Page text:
A familiar hacker visits my home network

My oldest son is away at college. He’s finishing his senior year and deciding what to do next. I’m very proud of him, but sometimes I can’t help compare his life to mine. To earn money for living expenses during college, I had jobs washing dishes, changing oil, stocking shelves and eventually moving all the way up to cashier at Smith’s Food King. Good times. My son has had summer jobs programming for Berkeley Data Systems (Mozy) and this little Internet startup named Google. During the school year, he works on Linux boxes for the astronomy department at his school. His jobs sound like a huge amount of fun to me, and I think he has enjoyed them, but he takes things so seriously sometimes. Sigh. At that age, I did too.

I keep expecting to get traditional letters (or at least emails) from him asking for money, but instead I received this email last week:

so, sorry i haven't called recently, as i miss talking to you.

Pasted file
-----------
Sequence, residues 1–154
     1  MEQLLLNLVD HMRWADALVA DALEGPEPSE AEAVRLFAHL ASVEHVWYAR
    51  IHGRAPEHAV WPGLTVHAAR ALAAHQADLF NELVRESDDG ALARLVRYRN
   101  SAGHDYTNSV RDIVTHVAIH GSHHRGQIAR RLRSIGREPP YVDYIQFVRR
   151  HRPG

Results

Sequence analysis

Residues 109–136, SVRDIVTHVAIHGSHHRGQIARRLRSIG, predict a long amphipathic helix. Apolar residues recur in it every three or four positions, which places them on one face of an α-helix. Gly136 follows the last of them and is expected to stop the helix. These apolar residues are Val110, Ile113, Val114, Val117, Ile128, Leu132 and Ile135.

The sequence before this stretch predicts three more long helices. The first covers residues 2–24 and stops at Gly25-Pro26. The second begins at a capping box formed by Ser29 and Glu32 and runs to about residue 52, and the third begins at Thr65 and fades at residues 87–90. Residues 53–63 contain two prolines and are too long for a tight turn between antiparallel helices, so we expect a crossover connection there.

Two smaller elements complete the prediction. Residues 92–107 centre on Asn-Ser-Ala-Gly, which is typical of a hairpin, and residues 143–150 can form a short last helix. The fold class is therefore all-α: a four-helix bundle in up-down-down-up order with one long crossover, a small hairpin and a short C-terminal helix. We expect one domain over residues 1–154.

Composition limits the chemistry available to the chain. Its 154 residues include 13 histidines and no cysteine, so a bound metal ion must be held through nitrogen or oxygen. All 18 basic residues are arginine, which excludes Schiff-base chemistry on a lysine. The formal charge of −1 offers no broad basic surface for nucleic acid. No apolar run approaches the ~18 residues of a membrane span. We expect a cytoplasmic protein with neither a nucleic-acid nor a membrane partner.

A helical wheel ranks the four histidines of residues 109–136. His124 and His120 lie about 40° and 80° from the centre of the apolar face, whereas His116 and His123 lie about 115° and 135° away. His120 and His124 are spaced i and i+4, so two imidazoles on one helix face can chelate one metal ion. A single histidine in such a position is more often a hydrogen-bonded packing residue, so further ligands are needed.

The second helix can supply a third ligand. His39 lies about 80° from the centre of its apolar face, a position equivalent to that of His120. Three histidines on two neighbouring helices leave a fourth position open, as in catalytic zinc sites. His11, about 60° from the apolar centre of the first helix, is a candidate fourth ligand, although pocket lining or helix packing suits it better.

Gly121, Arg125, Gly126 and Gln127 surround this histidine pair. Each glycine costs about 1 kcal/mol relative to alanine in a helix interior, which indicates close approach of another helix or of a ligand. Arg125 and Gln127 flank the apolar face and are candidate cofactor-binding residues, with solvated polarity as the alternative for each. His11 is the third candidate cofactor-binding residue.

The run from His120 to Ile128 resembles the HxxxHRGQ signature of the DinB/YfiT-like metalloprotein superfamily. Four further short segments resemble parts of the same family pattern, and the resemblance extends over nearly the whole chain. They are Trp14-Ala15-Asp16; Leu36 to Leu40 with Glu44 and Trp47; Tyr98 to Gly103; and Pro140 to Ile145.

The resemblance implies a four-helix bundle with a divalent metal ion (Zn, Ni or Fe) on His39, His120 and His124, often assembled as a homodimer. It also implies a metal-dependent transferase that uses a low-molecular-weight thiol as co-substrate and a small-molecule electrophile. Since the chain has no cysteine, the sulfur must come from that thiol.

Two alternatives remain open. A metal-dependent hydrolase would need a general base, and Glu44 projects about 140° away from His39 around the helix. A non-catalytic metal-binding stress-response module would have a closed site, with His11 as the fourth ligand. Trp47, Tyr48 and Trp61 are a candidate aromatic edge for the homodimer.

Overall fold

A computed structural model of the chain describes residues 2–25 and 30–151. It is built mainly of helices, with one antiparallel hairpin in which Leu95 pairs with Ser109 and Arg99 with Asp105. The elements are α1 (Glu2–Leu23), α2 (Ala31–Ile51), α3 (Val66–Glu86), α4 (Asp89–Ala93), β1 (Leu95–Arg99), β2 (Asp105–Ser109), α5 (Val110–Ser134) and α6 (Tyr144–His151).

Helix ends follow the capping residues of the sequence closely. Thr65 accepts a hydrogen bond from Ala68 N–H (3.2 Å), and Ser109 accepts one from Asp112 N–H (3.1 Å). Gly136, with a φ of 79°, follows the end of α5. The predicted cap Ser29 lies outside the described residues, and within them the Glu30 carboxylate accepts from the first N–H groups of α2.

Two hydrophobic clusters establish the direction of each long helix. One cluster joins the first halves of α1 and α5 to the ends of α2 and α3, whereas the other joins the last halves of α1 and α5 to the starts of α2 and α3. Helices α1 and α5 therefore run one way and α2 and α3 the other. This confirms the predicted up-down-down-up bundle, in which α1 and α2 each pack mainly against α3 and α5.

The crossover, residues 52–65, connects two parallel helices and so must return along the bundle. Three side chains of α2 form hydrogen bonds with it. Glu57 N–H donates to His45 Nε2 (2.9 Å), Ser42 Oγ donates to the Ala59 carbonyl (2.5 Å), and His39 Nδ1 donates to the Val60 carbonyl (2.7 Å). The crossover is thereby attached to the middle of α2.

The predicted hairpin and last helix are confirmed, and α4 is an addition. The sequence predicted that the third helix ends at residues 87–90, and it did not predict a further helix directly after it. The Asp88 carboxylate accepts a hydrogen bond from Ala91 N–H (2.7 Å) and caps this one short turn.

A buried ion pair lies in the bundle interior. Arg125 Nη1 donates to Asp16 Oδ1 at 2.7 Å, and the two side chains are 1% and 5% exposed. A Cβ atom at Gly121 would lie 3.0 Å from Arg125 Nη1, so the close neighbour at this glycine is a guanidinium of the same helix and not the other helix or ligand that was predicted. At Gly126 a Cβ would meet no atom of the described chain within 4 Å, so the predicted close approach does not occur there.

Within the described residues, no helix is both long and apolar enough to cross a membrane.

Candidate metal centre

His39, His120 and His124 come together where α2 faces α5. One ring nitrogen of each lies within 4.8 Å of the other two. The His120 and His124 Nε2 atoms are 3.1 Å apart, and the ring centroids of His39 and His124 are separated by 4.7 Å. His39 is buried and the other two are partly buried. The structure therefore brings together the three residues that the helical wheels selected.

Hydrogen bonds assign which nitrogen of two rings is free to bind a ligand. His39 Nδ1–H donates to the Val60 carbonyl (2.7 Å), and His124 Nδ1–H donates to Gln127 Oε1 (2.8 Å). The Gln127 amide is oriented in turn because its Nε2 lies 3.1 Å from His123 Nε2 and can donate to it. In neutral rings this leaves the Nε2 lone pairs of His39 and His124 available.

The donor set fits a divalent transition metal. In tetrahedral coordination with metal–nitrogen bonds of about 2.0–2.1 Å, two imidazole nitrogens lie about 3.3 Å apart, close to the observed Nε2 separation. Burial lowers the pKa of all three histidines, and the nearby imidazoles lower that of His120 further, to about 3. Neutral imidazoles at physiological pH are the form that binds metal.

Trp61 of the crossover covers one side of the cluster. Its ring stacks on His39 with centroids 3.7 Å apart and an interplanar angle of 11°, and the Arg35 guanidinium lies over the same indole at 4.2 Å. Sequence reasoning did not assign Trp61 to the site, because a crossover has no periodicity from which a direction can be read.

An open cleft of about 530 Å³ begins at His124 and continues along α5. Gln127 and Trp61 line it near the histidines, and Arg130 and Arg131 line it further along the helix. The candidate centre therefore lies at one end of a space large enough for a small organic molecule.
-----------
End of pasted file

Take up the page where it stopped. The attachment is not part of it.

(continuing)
nevertheless, i thought it would be a good idea to let you know that
your server machines are all completely rootable

on bub, the code /home/jtolds/vmsplice-exploit will give you root on
nearly every 2.6 kernel machine
/home/jtolds/disable-vmsplice-if-exploitable will disable the vmsplice
code in memory by overwriting the first line of the vmsplice function
calls with the RET assembly command
I ran that on bub since it's network accessible

you may want to install new kernels or recompile or something.

if you don't and do reboot bub, you should run the exploit disabler again

love you! talk to you soon

I would have used the phrase “RET assembly instruction” instead of “RET assembly command”. Assembly ain’t no scripting language. I’m not sure what they are teaching kids in school these days.

I have, of course, upgraded my Linux kernels on the machines in question.